The Real Reason T-Mobile Increased Its Data Cap to 50GB

(Guess what – it isn’t because they feel their network can handle it!)


T-Mobile recently increases their data cap to 50GB before deprioritization occurs. For those who aren’t familiar with the difference between throttling and deprioritization, each of the wireless carriers has a cap on the data usage under their unlimited plans. Some carriers will simply throttle your data use to 3G speeds when you reach the cap, while others will deprioritize your data requests below other users who have not exceeded the cap especially in areas where there is network congestion. These caps are:

AT&T–     22GB

Verizon–    22GB

Sprint–     23GB

T-Mobile–    50GB (up from 32GB)

Some analysts have speculated that this is indicative that T-Mobile has a better network and believes that the additional GBs won’t impact T-Mobile as much as it would the other carriers. We tend to see this differently and point to a seemingly unrelated recent article in Fortune about how T-Mobile was asked to stop making fastest wireless data speed claims. We won’t bore you with an explanation of the actual testing mechanisms, but suffice it to say that every carrier (except Sprint) selectively chooses between various wireless testing sites and apps and pick and choose the results that best meet their advertising needs. At the end of the day, wireless is highly local for most people, and it really doesn’t matter who is the fastest everywhere else, only who is the fastest in the area that you use your device in. Furthermore, we doubt that very many people feel that LTE isn’t fast enough for virtually everything they want to do on their device other than 4K video which candidly, who cares if you can see 4K video on your phone or iPad?

Nonetheless, for T-Mobile, they can’t make the claim that their network is more reliable nor can they make the claim that they have the most coverage. So, they have to push other tangibles- like the fastest network. Make no mistake, T-Mobile has done a wonderful job of building out their network and adding faster LTE and carrier aggregation. They also are aggressively expanding to get closer to Verizon in terms of overall coverage. But we don’t believe for a minute that they believe that their network can over the longer term sustain 50GB per user per month. Fortunately, the average smartphone user in the US only uses 4GB per month, so increasing to 50GB only puts a small amount of strain on the network, at least until the average users with unlimited starts to really use it as unlimited.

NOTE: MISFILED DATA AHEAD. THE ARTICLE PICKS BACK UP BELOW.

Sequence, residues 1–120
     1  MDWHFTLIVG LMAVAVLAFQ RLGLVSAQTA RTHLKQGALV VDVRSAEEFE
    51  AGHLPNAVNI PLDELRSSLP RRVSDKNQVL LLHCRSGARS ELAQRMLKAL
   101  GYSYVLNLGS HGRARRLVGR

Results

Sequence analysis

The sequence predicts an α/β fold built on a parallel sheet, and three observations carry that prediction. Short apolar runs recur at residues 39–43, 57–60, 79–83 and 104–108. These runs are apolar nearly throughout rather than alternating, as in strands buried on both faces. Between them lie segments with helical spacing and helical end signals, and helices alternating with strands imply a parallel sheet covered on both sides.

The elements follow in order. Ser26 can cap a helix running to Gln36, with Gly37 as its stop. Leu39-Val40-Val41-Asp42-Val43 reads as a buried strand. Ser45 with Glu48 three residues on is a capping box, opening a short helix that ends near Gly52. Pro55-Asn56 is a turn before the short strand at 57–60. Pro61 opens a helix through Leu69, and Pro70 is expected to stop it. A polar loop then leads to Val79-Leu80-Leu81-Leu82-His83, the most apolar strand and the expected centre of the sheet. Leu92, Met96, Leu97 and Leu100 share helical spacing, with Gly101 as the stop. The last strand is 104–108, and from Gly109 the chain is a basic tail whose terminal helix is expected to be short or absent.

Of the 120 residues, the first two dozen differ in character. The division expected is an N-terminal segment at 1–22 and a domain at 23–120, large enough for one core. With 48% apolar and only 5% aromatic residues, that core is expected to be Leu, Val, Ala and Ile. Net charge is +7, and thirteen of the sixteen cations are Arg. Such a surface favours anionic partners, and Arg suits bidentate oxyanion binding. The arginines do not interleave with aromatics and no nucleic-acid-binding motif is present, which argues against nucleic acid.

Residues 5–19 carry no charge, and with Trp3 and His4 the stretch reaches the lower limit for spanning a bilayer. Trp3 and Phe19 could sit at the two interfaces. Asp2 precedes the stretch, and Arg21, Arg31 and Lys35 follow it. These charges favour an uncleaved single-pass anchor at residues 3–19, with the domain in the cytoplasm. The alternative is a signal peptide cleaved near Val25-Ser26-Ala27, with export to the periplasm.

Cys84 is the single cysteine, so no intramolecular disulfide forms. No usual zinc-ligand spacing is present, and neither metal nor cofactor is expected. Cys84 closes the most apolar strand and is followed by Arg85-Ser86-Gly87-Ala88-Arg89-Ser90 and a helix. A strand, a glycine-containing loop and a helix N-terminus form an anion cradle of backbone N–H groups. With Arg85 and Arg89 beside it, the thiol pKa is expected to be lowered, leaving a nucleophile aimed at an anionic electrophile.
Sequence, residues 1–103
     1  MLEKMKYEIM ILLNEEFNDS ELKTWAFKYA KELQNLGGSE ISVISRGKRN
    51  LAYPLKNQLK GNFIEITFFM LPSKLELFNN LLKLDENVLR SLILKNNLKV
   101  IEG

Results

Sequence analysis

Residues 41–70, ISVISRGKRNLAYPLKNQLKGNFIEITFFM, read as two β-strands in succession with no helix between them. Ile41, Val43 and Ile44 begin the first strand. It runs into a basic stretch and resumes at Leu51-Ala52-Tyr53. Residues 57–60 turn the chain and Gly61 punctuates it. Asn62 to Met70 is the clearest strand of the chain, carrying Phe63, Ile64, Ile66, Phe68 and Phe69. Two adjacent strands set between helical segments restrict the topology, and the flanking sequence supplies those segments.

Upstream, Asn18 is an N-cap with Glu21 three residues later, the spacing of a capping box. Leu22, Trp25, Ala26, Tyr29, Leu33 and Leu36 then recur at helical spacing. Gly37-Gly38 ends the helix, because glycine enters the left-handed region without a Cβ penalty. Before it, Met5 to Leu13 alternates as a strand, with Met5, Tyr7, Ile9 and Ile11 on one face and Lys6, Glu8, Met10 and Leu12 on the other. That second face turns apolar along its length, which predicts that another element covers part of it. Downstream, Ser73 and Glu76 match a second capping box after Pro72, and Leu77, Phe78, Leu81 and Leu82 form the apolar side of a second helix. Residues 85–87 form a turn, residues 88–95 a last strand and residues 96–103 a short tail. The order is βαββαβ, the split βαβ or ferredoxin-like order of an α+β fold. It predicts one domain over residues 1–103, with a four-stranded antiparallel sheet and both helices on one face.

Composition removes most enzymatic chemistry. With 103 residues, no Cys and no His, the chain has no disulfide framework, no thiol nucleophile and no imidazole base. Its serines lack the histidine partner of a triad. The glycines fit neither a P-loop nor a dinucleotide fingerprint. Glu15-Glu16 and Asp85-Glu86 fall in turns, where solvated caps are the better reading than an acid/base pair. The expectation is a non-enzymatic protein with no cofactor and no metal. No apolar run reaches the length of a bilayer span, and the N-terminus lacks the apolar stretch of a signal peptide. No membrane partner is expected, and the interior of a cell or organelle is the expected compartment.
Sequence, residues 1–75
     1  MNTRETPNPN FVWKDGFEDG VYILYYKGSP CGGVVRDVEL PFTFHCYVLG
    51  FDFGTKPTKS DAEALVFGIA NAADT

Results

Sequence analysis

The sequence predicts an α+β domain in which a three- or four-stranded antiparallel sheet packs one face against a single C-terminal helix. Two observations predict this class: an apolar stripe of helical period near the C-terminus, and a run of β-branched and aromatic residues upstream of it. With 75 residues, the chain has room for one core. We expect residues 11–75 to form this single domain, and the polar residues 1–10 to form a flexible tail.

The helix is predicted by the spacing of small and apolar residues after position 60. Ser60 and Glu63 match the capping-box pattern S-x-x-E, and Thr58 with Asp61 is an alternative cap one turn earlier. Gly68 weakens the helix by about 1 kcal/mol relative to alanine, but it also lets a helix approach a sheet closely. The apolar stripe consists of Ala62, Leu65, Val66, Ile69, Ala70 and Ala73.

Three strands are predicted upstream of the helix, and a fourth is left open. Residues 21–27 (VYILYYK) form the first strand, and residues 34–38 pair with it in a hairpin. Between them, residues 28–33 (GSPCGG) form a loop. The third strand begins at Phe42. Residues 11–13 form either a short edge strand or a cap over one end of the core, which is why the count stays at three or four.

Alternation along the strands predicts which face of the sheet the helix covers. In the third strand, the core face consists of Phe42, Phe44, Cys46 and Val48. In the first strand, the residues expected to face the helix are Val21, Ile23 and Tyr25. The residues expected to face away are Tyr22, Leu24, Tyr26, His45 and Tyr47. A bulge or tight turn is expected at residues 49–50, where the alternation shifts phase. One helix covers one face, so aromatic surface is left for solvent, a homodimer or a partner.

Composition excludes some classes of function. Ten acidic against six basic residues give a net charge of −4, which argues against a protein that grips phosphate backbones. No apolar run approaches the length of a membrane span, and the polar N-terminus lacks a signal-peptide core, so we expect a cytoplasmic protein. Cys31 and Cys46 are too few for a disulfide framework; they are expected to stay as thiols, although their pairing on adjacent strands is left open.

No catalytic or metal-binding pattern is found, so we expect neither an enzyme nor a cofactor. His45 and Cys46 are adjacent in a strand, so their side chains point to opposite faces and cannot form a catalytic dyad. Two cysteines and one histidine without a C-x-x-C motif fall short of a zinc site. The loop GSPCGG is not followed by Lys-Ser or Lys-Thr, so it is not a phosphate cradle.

What T-Mobile really stands to gain from this move is that it increases the average speed across their network especially on users that have used between 22GB and 50GB and possibly even though that use more than 50GB in non-congested areas. Because the other wireless carriers throttle users at lower amounts, throttling to 3G decreases speed by a factor of 1/4th to 1/5th as compared to 4G. This delta will increase over time. So, by increasing the cap, T-Mobile effectively increases the average data speed, thereby perhaps enabling them to claim once again that their network is the fastest. We wish that the testing companies would just start providing information on unthrottled and throttled performance for average speed separately so that consumers can make an informed decision. If the average person uses 4GB per month, why should they care what the average speed on a throttled plan?

Fundamentally though, this is good for landowners, tower companies, OEMs, and engineering and construction companies. Any increase in the amount of data before throttling or deprioritization increases use of the networks- and increases in the use of the networks require additional capacity which ultimately yields more site deployment and modification work.